“[T]hink the Catholic Church has a problem?” she said. “The physical sexual abuse of students in schools is likely more than 100 times the abuse by priests.”

      It is fair to ask, Bob, that if the schools have a problem this large, why doesn’t the media give it the same scrutiny as the Church? I read stories about the latest teacher caught fooling around with our kids, but why no media push to connect the dots and expose the horror taking place in our schools? I maintain it is pure bias. What else could it be?

      • Bob Vance on February 12, 2013 at 11:40 am

        I agree there is bias. All of the cases I have seen in recent years involve a female teacher with teenage students. Part of society still sees this as no big deal. If a male teacher would have been involved with a female (or even male) student, I think you would see a whole different attitude.

        Another reason I think is that the church is a symbol of morality, so the public holds them to a higher standard. Compare Bill Clinton to Jimmy Swaggert. Not that many were suprised by Bill Clinton, where as the public expected a much higher standard from Jimmy Swaggert. Plus, critics found him an easy target because he preached one thing but practiced another behind closed doors.

  7. Bob Zimmerman on February 12, 2013 at 9:51 am

    It seems that ignorance and animosity often scream louder than rationality and reason. Invariably, attacks on Christianity, and in particular against the Catholic Church often quickly escalate to name-calling, ridiculous generalizations and downright vitriol in place of level-headed discussion.

    • Bob Vance on February 12, 2013 at 2:17 pm

      I am confused as to your reference to “name-calling, ridiculous generalizations and downright vitriol in place of level-headed discussion”. Are you referring to something in this article? A comment found here?

      I admit I only know a couple of Muslims, but not once I have ever heard them attack Christians.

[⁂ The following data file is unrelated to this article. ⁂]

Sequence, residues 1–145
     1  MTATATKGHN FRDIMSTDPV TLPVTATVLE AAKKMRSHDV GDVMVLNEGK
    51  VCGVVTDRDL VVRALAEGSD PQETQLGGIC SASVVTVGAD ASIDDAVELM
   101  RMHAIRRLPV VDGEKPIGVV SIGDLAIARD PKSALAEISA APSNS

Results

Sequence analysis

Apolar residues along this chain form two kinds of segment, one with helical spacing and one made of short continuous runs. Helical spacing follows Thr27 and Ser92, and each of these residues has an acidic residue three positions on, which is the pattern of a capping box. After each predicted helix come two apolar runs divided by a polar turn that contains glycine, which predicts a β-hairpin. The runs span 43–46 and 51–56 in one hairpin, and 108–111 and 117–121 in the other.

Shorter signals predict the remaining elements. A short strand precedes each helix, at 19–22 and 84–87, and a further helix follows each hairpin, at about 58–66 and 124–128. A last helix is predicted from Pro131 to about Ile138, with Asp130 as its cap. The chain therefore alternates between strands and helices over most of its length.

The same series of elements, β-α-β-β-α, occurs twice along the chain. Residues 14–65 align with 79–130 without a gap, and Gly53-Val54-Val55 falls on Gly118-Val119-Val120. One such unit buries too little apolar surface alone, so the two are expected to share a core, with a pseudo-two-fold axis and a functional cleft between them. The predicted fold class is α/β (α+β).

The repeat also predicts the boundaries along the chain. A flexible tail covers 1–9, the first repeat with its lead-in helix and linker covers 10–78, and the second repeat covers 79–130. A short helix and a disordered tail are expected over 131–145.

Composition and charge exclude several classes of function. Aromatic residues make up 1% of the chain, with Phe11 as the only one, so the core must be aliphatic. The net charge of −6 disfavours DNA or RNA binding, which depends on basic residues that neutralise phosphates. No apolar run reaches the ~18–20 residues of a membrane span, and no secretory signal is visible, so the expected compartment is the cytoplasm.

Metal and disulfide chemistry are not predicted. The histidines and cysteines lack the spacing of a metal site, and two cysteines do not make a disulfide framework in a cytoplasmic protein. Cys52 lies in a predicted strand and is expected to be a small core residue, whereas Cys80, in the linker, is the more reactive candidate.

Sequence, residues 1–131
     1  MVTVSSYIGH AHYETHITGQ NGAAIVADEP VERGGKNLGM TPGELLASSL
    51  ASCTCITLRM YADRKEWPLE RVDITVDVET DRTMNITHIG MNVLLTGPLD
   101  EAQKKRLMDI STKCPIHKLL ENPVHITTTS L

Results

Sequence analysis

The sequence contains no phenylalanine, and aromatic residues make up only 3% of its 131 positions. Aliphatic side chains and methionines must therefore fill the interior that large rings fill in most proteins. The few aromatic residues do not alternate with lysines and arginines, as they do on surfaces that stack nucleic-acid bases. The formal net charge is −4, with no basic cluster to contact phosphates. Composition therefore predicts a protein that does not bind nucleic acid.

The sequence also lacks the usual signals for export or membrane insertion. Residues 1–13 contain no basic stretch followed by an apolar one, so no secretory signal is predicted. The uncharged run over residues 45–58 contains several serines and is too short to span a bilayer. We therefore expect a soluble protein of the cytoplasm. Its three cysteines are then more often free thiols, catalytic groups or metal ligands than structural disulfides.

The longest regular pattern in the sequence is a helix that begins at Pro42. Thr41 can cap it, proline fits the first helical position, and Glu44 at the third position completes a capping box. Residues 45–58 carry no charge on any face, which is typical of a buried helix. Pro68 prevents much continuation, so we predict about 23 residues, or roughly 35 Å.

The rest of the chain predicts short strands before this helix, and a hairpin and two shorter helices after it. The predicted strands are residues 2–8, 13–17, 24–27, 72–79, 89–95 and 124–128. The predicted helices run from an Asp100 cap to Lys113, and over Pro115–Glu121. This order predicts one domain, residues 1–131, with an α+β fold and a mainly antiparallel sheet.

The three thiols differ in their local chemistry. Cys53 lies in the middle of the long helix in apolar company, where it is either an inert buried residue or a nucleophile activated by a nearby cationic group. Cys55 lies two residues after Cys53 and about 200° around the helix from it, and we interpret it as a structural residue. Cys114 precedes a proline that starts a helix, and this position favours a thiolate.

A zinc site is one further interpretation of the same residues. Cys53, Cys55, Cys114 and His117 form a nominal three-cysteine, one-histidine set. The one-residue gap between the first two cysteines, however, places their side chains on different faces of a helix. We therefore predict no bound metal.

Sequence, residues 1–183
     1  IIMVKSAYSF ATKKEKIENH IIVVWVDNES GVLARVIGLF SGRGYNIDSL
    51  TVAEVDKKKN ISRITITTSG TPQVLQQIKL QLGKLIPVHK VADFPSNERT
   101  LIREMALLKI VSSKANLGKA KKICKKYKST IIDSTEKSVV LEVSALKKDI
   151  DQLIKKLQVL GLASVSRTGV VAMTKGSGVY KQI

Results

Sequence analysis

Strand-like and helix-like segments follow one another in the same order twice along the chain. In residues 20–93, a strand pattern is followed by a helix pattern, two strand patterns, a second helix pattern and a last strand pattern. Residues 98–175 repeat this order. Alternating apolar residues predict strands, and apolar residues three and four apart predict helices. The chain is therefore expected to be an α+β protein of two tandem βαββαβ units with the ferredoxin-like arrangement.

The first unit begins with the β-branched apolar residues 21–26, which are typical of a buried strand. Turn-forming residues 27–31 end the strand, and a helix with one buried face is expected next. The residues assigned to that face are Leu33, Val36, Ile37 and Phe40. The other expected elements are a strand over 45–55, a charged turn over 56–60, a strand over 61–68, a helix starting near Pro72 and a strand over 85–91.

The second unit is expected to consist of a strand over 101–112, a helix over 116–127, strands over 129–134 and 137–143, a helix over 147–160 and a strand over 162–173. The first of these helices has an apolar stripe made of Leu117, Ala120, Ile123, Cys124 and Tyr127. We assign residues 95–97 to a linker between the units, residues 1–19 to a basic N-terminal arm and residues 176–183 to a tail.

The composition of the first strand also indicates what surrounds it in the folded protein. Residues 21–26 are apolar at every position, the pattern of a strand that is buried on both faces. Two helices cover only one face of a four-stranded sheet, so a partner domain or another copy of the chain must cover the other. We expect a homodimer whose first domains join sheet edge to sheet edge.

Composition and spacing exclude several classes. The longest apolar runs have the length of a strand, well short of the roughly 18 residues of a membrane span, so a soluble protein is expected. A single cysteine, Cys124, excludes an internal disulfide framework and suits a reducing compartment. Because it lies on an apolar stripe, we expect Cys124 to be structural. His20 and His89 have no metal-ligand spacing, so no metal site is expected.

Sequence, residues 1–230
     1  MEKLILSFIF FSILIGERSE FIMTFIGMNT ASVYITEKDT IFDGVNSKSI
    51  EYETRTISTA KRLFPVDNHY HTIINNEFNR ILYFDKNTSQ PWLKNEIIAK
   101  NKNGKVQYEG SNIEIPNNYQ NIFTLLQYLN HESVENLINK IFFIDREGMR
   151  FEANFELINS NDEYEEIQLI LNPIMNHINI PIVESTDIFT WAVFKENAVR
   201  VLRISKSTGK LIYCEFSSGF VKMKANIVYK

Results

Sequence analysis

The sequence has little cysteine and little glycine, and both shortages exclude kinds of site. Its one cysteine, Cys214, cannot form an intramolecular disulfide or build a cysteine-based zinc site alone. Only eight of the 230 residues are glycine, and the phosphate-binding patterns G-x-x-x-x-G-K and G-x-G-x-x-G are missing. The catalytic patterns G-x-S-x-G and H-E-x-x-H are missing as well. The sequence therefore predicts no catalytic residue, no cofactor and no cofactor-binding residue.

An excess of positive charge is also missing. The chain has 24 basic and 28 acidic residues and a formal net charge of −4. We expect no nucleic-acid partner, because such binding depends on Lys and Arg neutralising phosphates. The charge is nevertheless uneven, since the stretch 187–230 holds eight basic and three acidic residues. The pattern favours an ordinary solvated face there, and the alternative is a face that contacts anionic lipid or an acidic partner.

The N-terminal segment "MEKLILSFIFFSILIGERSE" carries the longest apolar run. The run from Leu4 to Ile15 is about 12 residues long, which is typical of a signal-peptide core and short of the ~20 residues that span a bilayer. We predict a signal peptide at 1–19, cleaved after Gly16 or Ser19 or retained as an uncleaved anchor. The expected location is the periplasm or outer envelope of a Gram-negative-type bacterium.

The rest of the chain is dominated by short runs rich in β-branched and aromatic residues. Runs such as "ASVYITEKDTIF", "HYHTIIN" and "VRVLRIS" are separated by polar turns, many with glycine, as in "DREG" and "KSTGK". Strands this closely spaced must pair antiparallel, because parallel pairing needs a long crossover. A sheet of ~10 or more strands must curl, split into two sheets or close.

George H. Bush, while Vice President of the United States, made the comment that “atheists should not be regarded as citizens, nor should they be regarded as patriotic, because this country is “One nation under God.” ” Noone seemed to see his remarks as an attack.

      “Under God” was added back in the 1950’s, btw, and it could be argued the Founding Fathers would not have approved. The majority of people in the U.S. see atheists as untrustworthy and immoral, yet no one seems to be able to say why, or acknowledge even knowing an atheist.

      From what I have experienced in my long life time, nobody attacks Chrisitianity like a fellow Christian.

      How do you specifically see this as an attack on Christianity?

      • quinersdiner on February 12, 2013 at 2:27 pm

        I don’t think anyone is referring to anything you said, Bob. I may not agree with you all the time, but you seem to approach each subject reasonably. However, the the level of anti Catholicism bias and vitriol in the media and the blogosphere is profound, and that is what I think an earlier comment referred to.

  8. SgtZim on February 13, 2013 at 8:00 am

    One section could use a little clarification Tom. Under: Media Spin: The problem was primarily with heterosexual priests. How does the study define pedophelia? I’m inclined to think that any abuse of someone under the age of consent and often even older than that would constitute pedophelia or statutory rape and just as heinous as any of the other children who were abused by authority figures. It’s kind of picking a nit because the rest of your discussion certainly acknowledges the seriousness of the issue, and I completely agree that the “media” has generally become a liberal / progressive echo chamber that loves to persecute Christians in general as well as Catholics in particular.

    • quinersdiner on February 13, 2013 at 10:10 am

      No doubt the damage would be devastating to any teenager who is molested, especially I would guess to a teenage heterosexual boy being violated by a man. Your point is well-taken.